Are you a “real marketer”?

Chris Brogan shines bright and demonstrates why I really wanted him on The Conversation Group advisory board as much as Doc Searls and David Weinberger in this post “I am a marketer“. I try to avoid the word marketing like the plague – because of bad marketers – or more accurately, I should say badly intentioned marketers, which is the key reason the profession has been besieged for the last several years in some parts of society.

It’s time to talk once again about what I still think of as “real marketing”. For me this means the process of matching a product/service with the people who will get the most benefit/satisfaction/enjoyment from it. This is about serving the market’s interest by being a matchmaker of value between people and companies – caring about both, but more importantly caring about your own integrity.

Unfortunately, marketing has become more closely linked to selling, where oftentimes the systems and expectations of management are about producing quarter over quarter increases in numbers, without concern for the state of the product, its usability or its appropriateness for a particular use. This is where integrity breaks down and an individual’s self-esteem becomes linked to ‘hitting the numbers’ regardless of whether or not that is the right thing for the company or the people buying the product. This can also result in companies selling their product to the wrong people, creating an unnecessary negative impression in the market among people who might otherwise find value in it.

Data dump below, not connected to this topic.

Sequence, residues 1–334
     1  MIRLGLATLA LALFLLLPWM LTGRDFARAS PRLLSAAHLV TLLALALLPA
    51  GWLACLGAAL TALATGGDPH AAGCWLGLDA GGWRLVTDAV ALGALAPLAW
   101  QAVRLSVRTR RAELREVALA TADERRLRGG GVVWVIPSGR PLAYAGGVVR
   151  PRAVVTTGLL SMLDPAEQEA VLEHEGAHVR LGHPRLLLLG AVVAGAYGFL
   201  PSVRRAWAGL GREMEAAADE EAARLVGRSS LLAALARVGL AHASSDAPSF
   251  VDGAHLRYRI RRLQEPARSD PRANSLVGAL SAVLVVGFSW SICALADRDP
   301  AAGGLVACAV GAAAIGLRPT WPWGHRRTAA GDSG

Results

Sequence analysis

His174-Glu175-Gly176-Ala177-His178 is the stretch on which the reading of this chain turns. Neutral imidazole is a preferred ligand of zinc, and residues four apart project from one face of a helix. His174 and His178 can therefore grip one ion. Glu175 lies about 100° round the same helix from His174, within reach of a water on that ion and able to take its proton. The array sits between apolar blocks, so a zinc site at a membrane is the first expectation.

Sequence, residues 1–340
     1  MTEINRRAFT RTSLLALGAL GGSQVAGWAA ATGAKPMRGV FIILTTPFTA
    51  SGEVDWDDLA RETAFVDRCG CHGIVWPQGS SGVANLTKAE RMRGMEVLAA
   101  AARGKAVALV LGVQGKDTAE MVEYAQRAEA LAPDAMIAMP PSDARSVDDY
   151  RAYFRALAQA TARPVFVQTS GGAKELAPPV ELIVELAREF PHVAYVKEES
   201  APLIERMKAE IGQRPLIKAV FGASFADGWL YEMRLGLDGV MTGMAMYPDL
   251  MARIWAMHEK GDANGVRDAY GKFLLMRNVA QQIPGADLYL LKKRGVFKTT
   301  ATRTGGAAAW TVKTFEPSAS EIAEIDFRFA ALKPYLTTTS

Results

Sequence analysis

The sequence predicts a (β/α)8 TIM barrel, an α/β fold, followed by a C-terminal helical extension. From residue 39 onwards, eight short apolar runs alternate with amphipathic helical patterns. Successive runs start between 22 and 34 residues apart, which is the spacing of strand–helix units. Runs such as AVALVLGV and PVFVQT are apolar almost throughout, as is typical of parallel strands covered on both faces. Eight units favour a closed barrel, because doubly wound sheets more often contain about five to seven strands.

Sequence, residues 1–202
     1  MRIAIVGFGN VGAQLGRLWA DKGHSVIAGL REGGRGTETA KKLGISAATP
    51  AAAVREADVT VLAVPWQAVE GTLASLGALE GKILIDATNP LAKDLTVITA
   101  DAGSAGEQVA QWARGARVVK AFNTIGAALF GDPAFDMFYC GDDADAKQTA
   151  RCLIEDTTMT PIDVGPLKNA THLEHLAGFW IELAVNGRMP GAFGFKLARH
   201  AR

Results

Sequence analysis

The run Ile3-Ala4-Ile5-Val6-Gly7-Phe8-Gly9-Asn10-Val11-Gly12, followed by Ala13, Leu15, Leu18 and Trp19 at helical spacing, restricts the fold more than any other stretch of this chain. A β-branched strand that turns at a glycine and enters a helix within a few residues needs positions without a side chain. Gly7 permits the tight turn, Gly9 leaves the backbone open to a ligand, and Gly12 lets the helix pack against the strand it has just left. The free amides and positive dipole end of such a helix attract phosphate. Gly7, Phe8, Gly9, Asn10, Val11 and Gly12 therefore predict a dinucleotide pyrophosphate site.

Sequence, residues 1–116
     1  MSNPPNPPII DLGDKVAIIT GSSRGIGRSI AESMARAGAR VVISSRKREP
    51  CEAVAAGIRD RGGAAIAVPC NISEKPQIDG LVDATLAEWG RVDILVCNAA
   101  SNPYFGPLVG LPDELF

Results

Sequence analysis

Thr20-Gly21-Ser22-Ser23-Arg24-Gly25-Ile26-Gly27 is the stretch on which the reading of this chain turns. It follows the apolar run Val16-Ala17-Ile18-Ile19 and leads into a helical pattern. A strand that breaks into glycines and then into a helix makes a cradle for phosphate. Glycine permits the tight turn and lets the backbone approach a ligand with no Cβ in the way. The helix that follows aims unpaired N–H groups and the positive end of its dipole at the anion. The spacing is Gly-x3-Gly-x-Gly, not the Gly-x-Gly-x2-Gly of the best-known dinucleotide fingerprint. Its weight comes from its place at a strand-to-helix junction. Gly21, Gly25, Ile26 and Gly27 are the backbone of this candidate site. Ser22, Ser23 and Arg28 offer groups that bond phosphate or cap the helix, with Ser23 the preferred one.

The bottomline is some marketers create a bad name for the rest of us because they are selling without concern for the buyer. Of course, everyone has some self interest, which is not in and of itself bad – it is when the interest is more focused on money than integrity where things go bad.

Chris also brings up the often talked about issue of transparency, which is still overused and misunderstood, but is getting more directly at the root of the bad marketer problem. According to Merriam Webster, being transparent means “free from pretense or deceit” – in short, it means being honest. As I have been saying a lot lately, “say what you mean and do what you say” – this is what leads to trust – being honest and continuing to demonstrate that honesty through your actions. Too many people misunderstand transparency to mean a completely open kimono, a view on everything going on – which is not feasible or completely appropriate. What it really means is don’t lie and make clear your intentions.

From my perspective, the bottom line here is a matter of intentions and authenticity. What are you trying to do and are you being true to yourself?

Chris speaks very eloquently to these ideals in action and lays out a great path for all marketers, but it is your point of origin where it all starts.

Are you working for a company you believe in? Are you working in a market you care about? Are you able to be human or must you uphold a fake ideal?

If you can answer these questions truthfully and affirmatively, you are a real marketer. I can proudly say that I am a real marketer, don’t you want to be a real marketer too?